During the nineties, we, urbanites, discovered the countryside anew. Farmers opened their stables and greenhouses for excursions, recreational activities such as ‘farm golf’ and camping at the farm became popular. That these farmers also produced food and where that food went to, was not so much considered. Often also not by the farmers themselves. The onion in bulk to the wholesale markets, the milk to the factory, the consumer at the farm gate for recreational activities; multifunctional farming. However, more and more the connection to the consumer happened through food too. Veggie boxes, fresh dairy directly from the farm. In small, it was always there already, but it has grown in public awareness ever since. Local food is now celebrated in magazines, in the supermarket, at the market, at fairs, in the newspaper, in policies. Continue reading
Feeding the world in a sustainable way is vehemently debated these days. In international fora the debate is not just about how to increase food production to feed the world’s growing population but also whether increasing food production is adressing the key issue of the relation between poverty and hunger. Increasing food production is not a neutral matter. Although some voices like to put it that way to sustain their claim that ‘facts’ show that their solution is the only right one. A solution is never neutral just because of the combination of technological and institutional means and the social and environmental impact it has. This is not new at all all. The impact of the (first) Green Revolution has been heavely disputed and this socalled neutralness of technology has been key issue in the massive techology and innovation studies of last decades. One cannot simply ignore the wider impact of technological fixes in the debate about how to provide the world’s population in a sustainable way.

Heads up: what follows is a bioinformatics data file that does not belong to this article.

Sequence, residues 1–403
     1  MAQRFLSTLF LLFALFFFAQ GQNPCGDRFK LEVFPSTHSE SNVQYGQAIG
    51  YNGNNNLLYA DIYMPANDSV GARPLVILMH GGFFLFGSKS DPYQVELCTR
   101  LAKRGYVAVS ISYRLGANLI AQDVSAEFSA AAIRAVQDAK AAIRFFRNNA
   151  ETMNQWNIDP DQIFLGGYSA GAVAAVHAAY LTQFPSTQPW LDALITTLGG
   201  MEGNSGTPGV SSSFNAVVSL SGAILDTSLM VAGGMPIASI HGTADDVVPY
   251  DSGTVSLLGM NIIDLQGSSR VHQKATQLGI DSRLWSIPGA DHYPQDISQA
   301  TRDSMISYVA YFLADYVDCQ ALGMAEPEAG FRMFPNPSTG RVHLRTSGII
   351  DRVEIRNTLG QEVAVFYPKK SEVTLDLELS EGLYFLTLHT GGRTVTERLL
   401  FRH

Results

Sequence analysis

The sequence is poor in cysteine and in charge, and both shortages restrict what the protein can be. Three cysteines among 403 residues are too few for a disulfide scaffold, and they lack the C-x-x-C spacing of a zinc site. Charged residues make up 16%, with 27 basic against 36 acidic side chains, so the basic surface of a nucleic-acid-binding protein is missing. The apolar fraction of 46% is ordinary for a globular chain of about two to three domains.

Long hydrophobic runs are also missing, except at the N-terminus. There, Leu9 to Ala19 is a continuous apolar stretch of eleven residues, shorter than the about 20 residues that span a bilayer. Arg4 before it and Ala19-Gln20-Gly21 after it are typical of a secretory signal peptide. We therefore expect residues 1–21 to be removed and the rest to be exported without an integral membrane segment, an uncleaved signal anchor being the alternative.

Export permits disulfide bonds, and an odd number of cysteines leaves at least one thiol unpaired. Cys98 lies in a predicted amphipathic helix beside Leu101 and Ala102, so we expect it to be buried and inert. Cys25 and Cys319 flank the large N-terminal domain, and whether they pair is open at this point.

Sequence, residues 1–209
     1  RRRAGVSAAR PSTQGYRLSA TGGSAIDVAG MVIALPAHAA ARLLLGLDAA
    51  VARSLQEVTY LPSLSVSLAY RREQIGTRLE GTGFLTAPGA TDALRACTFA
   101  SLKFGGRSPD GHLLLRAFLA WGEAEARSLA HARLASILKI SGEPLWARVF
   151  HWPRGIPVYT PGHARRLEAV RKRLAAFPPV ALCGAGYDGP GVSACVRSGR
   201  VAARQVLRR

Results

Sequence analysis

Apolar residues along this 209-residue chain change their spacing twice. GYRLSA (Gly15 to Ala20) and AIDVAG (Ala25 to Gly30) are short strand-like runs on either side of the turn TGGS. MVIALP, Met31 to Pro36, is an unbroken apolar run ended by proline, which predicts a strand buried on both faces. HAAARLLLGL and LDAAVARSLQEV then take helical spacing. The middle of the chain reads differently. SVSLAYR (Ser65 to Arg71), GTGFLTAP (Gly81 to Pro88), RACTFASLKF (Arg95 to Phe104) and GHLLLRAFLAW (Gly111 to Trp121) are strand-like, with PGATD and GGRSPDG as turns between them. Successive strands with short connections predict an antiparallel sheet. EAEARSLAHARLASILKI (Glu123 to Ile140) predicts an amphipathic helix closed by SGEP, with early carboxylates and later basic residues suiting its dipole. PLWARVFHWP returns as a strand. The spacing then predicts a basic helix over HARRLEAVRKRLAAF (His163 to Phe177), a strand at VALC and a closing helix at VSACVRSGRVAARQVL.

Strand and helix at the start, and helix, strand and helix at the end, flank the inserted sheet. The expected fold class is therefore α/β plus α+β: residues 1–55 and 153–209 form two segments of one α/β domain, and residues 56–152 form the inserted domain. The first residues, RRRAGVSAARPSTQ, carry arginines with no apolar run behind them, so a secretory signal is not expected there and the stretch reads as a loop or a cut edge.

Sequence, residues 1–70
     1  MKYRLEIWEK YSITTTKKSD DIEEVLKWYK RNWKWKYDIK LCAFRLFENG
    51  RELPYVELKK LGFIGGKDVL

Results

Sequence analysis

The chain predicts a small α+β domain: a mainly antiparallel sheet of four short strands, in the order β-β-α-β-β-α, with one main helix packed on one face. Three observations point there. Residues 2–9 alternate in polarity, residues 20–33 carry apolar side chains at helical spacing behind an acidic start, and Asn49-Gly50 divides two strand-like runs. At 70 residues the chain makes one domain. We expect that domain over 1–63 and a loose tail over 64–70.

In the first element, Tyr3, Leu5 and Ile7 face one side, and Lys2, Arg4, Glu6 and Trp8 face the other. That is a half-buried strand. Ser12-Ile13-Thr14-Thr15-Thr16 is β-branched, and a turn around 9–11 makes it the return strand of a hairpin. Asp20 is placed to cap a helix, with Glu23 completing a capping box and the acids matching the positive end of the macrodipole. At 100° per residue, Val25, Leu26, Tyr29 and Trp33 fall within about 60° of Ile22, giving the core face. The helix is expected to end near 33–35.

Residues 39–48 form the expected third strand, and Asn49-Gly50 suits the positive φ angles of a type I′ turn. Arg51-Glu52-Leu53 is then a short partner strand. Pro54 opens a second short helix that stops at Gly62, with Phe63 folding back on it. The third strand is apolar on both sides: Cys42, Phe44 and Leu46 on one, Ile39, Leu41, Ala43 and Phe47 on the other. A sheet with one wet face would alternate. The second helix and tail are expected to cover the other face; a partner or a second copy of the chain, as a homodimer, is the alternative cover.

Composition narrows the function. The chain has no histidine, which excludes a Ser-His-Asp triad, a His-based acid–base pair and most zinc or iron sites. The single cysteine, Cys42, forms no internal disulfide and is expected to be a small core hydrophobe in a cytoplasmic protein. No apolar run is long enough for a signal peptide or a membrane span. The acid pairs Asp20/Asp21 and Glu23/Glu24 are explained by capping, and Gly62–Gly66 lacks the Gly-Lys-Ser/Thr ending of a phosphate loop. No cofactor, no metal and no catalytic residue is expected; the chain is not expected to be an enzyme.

In an editorial Eric Holt-Gimenez, Executive Director of Food First / Institute for Food and Development Policy (www.foodfirst.org) in response to a recent study in Nature has added a contribution to this ongoing debate. He argues that there is a difference between between producing more food and ending hunger. Read his editorial at on what kind of agriculture can best solve the problem of the growing number of hungry people: agroecology or conventional industrial agriculture at http://www.agriculturesnetwork.org/magazines/global/farmer-organisations/opinion-eric-holt-gimenez or at Nourshing the planet (the weblog of the Worldwatch Institute). One can also see video of a lecture on Food movements, agroecology, and the future of food and farming.